Scientists have successfully performed ‘chemical surgery’ on the genetic code of an embryo, ridding it of an inherited blood disease.
The DNA alteration, made possible for the first time ever by the CRISPR editing tool, was undertaken by a team of researchers in China who told the BBC about their results.
Junjiu Huang, one of the researchers, said: “We are the first to demonstrate the feasibility of curing genetic disease in human embryos by base editor system.”
With the aim of one day being able to treat a range of inherited diseases before birth, the team at Sun Yat-sen University, focused on the root cause of many of these problems - single point mutations to one building block in our DNA.
People living with the disease beta-thalassemia, that the NHS says can cause anything from severe anemia, shortness of breath, to heart palpitations, have a single point mutation in an A base.
One single A base was wrongly expressed as a G, so the team in China simply edited the G back to an A, using CRISPR, correcting the problem.
What is CRISPR?
CRISPR stands for ‘Clustered Regularly Interspaced Short Palindromic Repeats’ and in the field of genome engineering is loosely used to refer to various tools that can be programmed to target specific stretches of genetic code at precise locations.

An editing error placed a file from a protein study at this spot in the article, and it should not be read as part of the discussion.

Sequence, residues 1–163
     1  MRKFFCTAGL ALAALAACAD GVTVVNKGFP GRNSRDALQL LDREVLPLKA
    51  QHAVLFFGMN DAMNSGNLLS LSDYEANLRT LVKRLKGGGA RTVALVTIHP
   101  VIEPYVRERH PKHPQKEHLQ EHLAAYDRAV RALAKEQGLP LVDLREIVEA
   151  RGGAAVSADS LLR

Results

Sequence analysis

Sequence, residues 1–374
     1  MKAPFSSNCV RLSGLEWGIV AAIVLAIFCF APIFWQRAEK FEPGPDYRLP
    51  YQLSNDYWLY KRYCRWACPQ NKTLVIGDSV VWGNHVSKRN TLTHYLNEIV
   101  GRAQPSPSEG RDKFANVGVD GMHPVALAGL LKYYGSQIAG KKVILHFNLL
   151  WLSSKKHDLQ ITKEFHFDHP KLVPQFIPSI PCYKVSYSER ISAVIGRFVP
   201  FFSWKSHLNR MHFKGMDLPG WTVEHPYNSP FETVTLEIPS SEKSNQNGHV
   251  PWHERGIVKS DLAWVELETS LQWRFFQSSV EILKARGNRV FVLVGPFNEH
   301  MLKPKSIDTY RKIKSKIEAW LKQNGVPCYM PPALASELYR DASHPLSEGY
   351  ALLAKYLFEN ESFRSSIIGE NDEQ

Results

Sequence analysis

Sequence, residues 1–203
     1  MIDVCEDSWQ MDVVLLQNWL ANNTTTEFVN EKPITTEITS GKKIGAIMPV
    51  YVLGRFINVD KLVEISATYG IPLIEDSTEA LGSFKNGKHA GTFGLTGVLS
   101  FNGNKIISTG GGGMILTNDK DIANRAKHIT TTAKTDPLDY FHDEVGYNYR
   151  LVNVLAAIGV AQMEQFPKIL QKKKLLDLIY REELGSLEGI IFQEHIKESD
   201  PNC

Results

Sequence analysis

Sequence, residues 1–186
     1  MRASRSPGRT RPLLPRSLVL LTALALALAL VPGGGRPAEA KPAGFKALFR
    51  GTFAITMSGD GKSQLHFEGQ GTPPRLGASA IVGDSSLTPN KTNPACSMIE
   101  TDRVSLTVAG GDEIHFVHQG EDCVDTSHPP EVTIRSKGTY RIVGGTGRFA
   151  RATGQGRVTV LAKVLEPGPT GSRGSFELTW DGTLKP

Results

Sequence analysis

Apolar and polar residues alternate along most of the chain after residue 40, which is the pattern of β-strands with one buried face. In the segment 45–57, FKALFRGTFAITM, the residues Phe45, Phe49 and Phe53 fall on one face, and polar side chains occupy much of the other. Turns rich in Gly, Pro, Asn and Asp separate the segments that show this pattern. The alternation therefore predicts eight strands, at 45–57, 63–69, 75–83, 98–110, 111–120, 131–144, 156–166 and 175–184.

CRISPR was first discovered by Francisco Mojica, at the University of Alicante, Spain, and in 2013 the Zhang Lab published the first method to engineer CRISPR to edit the genome in mouse and human cells.
But in order to do this, it required scanning the three billion building blocks that make up the human genome.
The team used lab-made embryos, that had been cloned from tissues taken from a patient with the pre-existing condition, but were not implanted.
The experiment was stopped as work of this kind with modified embryos is not permitted to carry children to term.
It is only for purposes of “better understanding” human development, even in China were rules are more relaxed than elsewhere in the world.
In the UK where, the UK Human Fertilisation and Embryology Authority (HFEA) 2016 licensing, states that embryos must be destroyed within 14 days and cannot be implanted into a woman after being altered.
Previous trials in China, that looked at deleting a deadly heart condition, resulted in “mosaic” cells that are a tapestry of healthy and unhealthy cells, as well as parts of the genetic code being mutated.